Nashville Outcasts Don’t Get as Far Out of Town as You Might Think


It’s not surprising that Nashville native Cortney Tidwell wants nothing more than to hold a lover in a “silent city.” Music City’s legacy of mainstream country has its flip side: a dream landscape of countrypolitan psychedelia, cool guitars, and the eternal wisdom of Hee-Haw and Jim Nabors, all dressed in Lee Hazlewood’s outcasts. Lately, though, Nashville pop groups have been reaching out, conflating decades of pop usage while staying curiously aloof from emotional resonance, although the resonance sometimes manages to abide.

Tidwell—whose mother was Connie Eaton, a minor ’70s country star—sounds infantile and impossibly old on Don’t Let Stars Keep Us Tangled Up, her full-length debut. Spooky pedal-steel mixes with washes of totalistic keyboard, making this a newfangled take on electronica whose natural-mystic tendencies seem fresh and inevitable. Tidwell displays an instinct for the killer hook, as on “La La,” which floats the idea that pop itself is what’s “tearing you and me apart.” With its acoustic guitar and otherworldly backing vocals, the track sways like a Tropicália diva lost in Tennessee’s gray rain.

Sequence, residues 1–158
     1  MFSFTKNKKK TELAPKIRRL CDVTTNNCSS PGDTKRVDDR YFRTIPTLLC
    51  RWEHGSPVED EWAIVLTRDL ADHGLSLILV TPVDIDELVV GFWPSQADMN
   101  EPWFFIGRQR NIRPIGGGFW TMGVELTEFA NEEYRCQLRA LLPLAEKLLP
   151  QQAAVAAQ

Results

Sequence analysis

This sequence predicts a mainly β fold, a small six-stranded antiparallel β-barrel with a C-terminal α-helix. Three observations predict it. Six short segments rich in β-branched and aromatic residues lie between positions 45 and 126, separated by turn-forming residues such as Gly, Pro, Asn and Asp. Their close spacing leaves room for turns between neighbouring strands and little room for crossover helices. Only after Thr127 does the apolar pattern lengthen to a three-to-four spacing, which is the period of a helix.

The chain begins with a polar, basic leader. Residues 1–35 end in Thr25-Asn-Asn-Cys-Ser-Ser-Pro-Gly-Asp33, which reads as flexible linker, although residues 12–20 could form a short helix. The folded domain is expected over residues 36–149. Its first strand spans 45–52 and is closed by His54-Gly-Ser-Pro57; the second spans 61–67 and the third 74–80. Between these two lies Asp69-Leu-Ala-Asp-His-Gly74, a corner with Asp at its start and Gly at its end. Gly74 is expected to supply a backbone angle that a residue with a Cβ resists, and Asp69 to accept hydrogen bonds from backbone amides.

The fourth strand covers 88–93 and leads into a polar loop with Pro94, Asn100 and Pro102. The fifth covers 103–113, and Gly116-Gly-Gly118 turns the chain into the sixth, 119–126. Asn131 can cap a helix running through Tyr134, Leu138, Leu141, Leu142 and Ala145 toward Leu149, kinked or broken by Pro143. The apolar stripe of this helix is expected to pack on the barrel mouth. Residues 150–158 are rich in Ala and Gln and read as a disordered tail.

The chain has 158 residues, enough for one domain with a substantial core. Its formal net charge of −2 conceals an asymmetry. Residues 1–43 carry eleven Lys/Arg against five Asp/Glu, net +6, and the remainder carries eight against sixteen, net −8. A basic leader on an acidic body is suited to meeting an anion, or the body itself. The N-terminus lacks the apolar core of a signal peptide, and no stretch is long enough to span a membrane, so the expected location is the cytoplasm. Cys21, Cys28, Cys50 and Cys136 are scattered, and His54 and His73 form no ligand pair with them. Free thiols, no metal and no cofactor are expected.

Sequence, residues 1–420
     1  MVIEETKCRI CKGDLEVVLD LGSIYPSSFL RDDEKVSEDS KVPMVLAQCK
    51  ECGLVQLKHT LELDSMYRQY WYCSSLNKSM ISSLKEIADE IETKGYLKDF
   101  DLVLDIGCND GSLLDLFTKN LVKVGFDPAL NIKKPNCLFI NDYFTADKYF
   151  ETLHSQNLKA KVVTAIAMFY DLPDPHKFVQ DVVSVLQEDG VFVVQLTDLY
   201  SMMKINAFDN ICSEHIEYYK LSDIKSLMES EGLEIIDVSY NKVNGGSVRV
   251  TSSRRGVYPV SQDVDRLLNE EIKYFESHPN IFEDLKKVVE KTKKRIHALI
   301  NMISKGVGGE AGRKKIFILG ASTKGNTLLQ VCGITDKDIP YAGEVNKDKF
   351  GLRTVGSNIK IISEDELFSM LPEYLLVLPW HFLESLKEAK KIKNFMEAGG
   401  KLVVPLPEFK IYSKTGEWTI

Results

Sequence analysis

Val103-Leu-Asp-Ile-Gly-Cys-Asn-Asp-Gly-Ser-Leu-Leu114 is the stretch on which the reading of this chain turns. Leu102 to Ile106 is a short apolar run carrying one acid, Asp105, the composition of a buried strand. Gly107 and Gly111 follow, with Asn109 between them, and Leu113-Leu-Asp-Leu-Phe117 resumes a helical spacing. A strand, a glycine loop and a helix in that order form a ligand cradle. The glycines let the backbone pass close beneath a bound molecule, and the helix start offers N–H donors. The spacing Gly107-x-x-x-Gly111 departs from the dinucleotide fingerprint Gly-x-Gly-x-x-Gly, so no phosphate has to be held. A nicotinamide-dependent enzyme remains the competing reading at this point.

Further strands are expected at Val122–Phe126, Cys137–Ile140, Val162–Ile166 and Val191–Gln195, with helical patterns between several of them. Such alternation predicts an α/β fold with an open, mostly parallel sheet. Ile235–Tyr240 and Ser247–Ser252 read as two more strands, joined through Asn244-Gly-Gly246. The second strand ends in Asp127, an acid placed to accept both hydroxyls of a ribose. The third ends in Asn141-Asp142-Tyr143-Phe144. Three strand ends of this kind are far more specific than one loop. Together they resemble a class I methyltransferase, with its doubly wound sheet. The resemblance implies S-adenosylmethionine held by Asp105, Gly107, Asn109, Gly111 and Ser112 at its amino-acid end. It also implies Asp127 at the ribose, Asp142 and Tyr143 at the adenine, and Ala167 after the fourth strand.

If Stars works off the conventions of folkie electronica, Lone Official’s Tuckassee Take suggests that heroism is only as old-fashioned as the ’90 quasi-pop singer and songwriter Matt Button loves. “Amelia Earhart” might be the greatest Pavement rip ever, except that Button doesn’t seem to anticipate any payoff when he sings, “You said a setback was just a setup/For a comeback.” Tuckassee is mainly about horse racing—song titles include “Stall of the Steed” and “Monarchos”—and the group sounds incredibly ambitious, in tune with a musical idiom that is already pleasantly dated and completely lost, which means they might have a healthy relationship with Nashville after all.

This article from the Village Voice Archive was posted on February 20, 2007

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